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Secondary Ferment, Carbonation, Residual Sugar and Storage.

Q. How Do I Increase The Carbonation Of My Kombucha?

A. Bottling kombucha in an airtight bottle helps to increase carbonation. 
Store finished kombucha at shelf temperature for 1-3 days depending on temperature. This is called secondary ferment and will continue to slightly ferment and carbonate in this time.

Any flavour added which contains sugar will increase fermentation.

Q. Is There Any Danger Of The Glass Container Exploding Under The Carbonation Pressure When Bottling Kombucha?

A. While it is possible for bottles to explode, it is more common for lids to fly off, particularly when being opened. We recommend keeping your whole hand over the lid of the container as you open it. Check bottles for cracks or imperfections before use avoid leaving for prolonged periods.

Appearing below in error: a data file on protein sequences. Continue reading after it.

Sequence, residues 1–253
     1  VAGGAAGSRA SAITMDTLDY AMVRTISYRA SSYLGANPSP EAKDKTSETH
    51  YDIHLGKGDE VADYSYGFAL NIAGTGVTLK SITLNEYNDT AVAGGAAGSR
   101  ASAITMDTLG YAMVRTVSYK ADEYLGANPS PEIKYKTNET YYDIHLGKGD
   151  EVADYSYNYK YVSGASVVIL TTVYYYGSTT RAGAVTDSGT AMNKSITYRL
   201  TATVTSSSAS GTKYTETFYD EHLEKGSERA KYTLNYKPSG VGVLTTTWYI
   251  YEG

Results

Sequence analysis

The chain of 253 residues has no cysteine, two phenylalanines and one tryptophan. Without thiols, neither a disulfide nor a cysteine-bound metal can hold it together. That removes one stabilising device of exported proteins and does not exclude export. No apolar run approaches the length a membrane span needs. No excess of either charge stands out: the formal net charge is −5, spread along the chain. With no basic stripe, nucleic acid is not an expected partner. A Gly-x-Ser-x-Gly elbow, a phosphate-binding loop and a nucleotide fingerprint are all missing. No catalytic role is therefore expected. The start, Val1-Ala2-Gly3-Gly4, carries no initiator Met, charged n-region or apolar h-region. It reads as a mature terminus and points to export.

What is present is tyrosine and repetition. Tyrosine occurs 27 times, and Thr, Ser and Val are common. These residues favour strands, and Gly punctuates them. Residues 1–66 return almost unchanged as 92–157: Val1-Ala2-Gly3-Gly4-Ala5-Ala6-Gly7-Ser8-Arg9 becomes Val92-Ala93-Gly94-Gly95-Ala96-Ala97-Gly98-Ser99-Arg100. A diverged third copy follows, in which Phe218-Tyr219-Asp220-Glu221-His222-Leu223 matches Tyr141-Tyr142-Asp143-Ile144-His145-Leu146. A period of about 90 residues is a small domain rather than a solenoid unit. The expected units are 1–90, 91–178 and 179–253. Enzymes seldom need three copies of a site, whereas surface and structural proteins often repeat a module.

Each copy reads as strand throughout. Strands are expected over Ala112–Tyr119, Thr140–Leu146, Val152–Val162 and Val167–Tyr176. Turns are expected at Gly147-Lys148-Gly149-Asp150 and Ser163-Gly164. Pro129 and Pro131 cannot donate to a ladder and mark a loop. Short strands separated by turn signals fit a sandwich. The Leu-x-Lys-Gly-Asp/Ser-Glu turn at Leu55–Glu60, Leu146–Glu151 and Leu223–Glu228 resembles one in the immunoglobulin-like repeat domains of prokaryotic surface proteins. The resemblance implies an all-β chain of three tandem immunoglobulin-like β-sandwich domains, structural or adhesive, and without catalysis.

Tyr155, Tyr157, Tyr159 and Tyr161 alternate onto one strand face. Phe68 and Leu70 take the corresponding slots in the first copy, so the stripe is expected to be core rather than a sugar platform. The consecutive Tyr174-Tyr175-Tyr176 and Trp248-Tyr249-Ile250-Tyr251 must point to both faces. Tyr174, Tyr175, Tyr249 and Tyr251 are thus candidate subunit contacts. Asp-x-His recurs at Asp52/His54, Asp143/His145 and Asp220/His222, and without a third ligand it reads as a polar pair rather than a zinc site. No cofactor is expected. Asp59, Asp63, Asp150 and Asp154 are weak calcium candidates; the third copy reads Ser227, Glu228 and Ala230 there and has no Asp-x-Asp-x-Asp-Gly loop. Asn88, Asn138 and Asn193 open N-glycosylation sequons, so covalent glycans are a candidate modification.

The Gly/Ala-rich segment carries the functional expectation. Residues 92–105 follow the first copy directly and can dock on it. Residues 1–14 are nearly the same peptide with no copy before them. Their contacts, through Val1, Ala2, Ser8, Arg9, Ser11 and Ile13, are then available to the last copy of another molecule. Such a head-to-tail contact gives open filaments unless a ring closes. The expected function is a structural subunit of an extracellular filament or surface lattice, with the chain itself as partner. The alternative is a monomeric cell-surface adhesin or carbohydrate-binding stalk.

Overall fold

Q. Can I use less sugar or alter any ingredients used to make kombucha?

A. We strongly recommend following the INSTRUCTIONS included in all our DIY Kombucha Culture Kits. The recipe was designed to encourage a proper balance, which discourages the growth of mould and the spoiling of the batch. It also helps ensure the SCOBY gets enough food to culture properly.

Q. Does Finished Kombucha Contain Alcohol?

A. Yes, as with all cultured and fermented foods, a small amount of naturally occurring alcohol is typically present in the finished product ( Less than 0.5% ). Although the amount contained in kombucha will vary from batch to batch, the amount should be quite small.

Q. Can I use a plastic container to brew kombucha and plastic bottles to store it?

A. We recommend glass containers when working with starter cultures, because of the potential of plastic to leach undesirable chemicals.

Additionally, plastic is more easily damaged, often without your knowledge, which can result in hidden bacteria that may disrupt the culturing process.


Buy glass brewing jars here.